Psychology ETDs


Erica Nason

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This study evaluated the effects of a sexual victimization history, psychopathology, and sexual attitudes on the effectiveness of womens responses to high and low risk dating and social situations. Two hundred and twenty undergraduate women listened to a description of each situation, viewed a clip of an actor making a verbal prompt, and provided a videotaped, verbal response to each situation. Participants then completed measures assessing victimization status, psychopathology and sexual attitudes. Finally, participants viewed their responses and rated how effective each response was at decreasing their risk for having an unwanted sexual experience (i.e. an experience in which a woman may be verbally or physically coerced into having sexual contact of any kind with a man). Experts in the sexual violence research area also rated participants' responses using the same instructions. Regression analyses revealed that sexual attitudes were the only significant predictor of response effectiveness for both the high and low risk situations, with greater liberal sexual attitudes predicting decreased response effectiveness. However, mediational analyses indicated that liberal sexual attitudes mediated the relationship between victimization history and participants' response effectiveness to high and low risk situations. Implications for sexual assault prevention interventions are discussed.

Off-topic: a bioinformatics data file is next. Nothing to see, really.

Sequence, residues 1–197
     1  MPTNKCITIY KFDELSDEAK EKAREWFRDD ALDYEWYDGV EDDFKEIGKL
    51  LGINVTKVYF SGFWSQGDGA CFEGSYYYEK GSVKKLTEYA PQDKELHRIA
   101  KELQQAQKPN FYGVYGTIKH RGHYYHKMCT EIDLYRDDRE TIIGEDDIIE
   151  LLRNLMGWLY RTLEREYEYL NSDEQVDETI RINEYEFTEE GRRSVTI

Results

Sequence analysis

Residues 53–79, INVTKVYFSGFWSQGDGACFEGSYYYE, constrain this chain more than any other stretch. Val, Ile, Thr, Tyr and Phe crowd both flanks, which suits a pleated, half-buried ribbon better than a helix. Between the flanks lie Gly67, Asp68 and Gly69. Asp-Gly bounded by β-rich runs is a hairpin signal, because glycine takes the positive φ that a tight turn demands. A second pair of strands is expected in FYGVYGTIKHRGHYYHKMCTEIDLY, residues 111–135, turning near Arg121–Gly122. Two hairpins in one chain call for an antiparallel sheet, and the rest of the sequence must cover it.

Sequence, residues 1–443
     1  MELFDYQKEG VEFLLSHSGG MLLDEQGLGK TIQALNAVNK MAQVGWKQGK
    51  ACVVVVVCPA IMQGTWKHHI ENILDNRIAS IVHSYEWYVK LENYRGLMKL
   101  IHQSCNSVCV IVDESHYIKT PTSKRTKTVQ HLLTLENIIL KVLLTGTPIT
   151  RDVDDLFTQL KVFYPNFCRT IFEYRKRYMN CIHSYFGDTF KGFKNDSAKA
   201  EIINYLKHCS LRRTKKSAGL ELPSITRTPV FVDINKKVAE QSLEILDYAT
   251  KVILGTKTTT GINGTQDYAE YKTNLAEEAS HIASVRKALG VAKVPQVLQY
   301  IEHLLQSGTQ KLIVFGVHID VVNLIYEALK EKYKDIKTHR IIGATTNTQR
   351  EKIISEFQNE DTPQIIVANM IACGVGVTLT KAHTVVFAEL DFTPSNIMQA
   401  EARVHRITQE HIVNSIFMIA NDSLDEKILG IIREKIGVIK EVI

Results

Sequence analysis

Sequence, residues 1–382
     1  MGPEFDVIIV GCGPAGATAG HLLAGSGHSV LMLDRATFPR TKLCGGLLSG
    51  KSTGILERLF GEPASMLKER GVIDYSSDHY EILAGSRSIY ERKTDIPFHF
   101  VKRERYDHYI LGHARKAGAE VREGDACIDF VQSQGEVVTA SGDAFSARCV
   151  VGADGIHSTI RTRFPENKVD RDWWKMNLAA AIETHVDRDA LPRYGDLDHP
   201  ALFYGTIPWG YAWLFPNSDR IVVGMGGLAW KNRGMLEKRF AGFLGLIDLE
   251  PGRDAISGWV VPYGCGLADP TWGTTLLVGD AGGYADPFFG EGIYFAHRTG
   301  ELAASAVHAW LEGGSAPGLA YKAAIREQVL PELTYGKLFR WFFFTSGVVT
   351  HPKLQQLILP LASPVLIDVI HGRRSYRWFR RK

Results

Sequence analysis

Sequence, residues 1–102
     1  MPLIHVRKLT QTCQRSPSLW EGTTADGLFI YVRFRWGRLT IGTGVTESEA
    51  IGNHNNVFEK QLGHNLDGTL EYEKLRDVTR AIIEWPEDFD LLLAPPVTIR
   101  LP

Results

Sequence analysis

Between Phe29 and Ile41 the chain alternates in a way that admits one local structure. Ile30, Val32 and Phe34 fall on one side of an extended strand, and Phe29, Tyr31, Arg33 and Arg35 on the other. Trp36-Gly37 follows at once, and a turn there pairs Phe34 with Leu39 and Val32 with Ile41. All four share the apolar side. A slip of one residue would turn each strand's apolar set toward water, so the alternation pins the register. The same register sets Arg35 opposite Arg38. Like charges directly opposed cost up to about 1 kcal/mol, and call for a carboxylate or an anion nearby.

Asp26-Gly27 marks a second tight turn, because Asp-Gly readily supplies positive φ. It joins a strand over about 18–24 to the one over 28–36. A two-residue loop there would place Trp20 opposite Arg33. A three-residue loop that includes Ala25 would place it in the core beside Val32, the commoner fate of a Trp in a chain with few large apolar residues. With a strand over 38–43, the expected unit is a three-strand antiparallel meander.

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First Committee Member (Chair)

Smith, Jane

Second Committee Member

Witherington, David




sexual victimization, revictimization, risk factors, sexual attitudes, response effectiveness

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